At the end of 2016 I spent five weeks volunteering in the then newly opened Porte de la Chapelle refugee camp in Northern Paris. During my time there a number of journalists visited to take photos. Some spoke to one or two residents for a couple of minutes, most did not. I found this lack of engagement infuriating – by homogenising the camp residents as just ‘refugees’ the journalists, whether sympathetic or condemnatory, were undermining their status as individuals, defining them only in terms of their circumstance.
In an attempt to diversify this narrative I gave out 15 disposable cameras to people living in the camp. Of the 15, eight cameras were returned with various reasons for the ones lost including police brutality, an issue underplayed in the media but experienced by people horribly often. A message I received from a participant explaining he would not be able to return the camera read “suddenly police came and took us to get out of tents, they didn’t allow us to collect our goods”. In many ways the ones lost tell as much of a story as those returned, the instability of the participants’ lives reflected by the end of their involvement.
The developed series offers a touching insight into the lives of people rarely seen beyond their immigration status. Each photographer has used the opportunity in their own unique way, some turning the camera back upon themselves and life in the camp, while others chose to record Paris’s many iconic landmarks. The photos exceeded my expectations in their artistry, an uncomfortable reminder of my own preconceptions about what a ‘refugee’ can do. Overwhelmingly the photos are individual expressions of lives, circumstantially unfamiliar but resolutely real. This is an essential reminder in a time of increasing xenophobia, one cannot help but empathise with what is essentially a group of boys making the best of a bad situation in Paris.
I feel the fact this project was carried out in an adult men’s camp is especially enlightening, this demographic group having been most burdened by hostility. I myself was nervous of volunteering in the camp because of fears learned from the media as to how I might be treated as a young woman. I was harassed less than a normal night out in London. That is not to say incidents do not occur, it is simply the same as any other group of people – some bad, some OK, most good. At the risk of sounding trite, people are just people and to assign a set of characteristics to a group is to negate their humanity.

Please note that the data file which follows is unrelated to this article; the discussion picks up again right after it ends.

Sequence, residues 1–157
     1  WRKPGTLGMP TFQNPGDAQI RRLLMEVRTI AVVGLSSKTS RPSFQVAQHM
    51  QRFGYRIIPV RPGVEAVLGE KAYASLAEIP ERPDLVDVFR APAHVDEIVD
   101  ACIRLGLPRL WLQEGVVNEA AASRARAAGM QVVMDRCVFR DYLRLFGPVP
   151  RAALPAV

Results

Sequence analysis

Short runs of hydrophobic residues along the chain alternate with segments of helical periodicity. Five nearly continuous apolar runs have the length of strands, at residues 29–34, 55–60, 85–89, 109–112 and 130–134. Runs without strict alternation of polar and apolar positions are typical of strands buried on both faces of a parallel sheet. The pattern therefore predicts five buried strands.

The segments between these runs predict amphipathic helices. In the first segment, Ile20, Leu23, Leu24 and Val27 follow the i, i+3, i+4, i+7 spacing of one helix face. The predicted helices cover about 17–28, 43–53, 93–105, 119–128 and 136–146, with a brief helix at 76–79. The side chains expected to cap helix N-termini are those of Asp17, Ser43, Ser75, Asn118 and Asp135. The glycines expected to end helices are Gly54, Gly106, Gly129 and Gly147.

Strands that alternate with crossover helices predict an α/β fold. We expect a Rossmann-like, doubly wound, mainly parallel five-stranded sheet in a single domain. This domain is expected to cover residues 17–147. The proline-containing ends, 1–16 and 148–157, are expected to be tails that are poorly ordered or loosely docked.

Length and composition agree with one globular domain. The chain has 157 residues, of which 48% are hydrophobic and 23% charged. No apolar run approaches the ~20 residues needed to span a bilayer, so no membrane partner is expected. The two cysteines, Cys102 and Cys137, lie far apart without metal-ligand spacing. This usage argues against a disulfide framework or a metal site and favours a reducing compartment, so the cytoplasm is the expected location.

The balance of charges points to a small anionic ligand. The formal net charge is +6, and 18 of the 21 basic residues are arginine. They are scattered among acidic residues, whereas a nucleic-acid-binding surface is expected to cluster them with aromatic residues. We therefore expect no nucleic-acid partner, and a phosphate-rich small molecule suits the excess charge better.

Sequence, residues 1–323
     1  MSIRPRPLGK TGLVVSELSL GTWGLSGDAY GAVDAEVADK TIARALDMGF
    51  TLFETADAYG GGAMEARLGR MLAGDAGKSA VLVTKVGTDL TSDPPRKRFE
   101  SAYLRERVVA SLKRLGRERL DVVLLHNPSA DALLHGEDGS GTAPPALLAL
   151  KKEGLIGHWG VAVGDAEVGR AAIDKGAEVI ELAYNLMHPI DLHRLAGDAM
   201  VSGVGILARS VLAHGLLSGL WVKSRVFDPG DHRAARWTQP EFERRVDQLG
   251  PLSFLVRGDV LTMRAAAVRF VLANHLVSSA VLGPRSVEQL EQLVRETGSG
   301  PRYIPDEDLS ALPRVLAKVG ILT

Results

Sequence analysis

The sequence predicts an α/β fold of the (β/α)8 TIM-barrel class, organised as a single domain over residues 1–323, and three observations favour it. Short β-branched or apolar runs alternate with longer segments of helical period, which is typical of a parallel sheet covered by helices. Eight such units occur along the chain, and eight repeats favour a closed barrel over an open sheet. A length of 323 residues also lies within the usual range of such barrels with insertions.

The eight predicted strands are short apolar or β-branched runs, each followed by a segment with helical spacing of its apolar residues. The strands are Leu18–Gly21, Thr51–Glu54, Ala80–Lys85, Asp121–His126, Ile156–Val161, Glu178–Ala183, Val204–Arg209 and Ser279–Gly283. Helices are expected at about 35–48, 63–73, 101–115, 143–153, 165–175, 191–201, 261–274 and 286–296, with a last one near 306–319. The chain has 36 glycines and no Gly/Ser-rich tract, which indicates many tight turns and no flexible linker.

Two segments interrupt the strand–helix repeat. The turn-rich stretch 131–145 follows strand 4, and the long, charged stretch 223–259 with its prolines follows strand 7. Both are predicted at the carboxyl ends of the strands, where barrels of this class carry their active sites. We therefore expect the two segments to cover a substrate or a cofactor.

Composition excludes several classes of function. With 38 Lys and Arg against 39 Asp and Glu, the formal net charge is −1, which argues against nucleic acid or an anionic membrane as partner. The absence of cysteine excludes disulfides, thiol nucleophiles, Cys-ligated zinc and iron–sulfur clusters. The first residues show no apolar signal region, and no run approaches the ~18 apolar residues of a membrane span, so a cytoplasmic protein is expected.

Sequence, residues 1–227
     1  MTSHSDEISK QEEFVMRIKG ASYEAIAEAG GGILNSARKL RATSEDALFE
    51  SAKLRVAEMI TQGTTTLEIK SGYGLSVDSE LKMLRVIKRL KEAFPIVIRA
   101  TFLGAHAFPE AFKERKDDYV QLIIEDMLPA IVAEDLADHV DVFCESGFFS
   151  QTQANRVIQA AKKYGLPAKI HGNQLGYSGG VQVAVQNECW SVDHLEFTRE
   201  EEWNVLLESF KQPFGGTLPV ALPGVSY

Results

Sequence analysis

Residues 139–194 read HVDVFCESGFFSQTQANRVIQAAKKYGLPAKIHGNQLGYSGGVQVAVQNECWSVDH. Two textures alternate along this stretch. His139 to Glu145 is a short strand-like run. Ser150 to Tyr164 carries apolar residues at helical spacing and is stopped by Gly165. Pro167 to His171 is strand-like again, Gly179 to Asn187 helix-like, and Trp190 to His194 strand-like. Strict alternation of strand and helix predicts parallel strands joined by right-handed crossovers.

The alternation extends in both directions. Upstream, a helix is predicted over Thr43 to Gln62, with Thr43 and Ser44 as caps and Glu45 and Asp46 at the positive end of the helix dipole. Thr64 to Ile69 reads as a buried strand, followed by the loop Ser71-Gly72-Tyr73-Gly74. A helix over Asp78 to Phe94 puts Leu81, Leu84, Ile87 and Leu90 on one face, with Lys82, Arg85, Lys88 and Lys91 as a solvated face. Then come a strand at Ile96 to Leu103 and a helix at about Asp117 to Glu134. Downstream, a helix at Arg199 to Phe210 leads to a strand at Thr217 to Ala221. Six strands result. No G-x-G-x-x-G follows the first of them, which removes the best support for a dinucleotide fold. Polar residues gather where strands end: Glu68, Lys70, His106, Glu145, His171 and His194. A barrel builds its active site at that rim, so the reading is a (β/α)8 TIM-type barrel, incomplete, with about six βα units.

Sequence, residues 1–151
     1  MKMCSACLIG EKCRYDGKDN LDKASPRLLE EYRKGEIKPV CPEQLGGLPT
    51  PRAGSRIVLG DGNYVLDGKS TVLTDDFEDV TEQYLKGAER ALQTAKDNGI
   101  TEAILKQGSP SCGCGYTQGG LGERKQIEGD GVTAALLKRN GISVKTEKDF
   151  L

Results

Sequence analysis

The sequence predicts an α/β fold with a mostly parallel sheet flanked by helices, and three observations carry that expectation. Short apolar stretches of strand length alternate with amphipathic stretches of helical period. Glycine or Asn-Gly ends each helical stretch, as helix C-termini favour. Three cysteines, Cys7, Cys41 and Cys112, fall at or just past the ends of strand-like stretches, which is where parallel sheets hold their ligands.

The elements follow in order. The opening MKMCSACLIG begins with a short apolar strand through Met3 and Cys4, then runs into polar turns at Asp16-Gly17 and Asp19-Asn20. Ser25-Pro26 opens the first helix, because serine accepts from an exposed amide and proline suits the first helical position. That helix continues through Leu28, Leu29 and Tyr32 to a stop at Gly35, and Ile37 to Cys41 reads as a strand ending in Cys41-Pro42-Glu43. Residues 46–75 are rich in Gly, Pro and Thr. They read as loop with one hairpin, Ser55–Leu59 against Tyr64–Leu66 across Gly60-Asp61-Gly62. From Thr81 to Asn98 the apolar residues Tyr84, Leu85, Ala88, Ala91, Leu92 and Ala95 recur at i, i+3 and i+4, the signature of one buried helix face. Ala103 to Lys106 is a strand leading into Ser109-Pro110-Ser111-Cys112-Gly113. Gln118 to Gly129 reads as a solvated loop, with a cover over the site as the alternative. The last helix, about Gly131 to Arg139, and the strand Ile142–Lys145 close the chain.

Alongside the cameras, each photographer was given a blank postcard to write an accompanying note for their photos. Those returned show a sharp awareness of this opportunity to send a message out to the world, one reading ‘police don’t respect to the asylum seekers! Guys asylum seekers not animals, asylum seekers are people!’ whilst another ‘well maybe I’m not professional photographer but I know that what I done it means what I felt and I think photos is kind of art’. Overall, the notes emphasise the heartfelt tone of the photographs, one entitled ‘good life in France’ with another ending ‘thank you for giving me hope’.
Though these images offer just a small window into the daily lives of those involved I feel it is crucial they, and the messages alongside them, reach as wide an audience as possible. The more people to see these images, the better chance they have of dispelling prejudice in an increasingly fearful society.
Written by Amy Lineham - Disposable Perspectives runs from 2-9 June at HIVE in Dalston.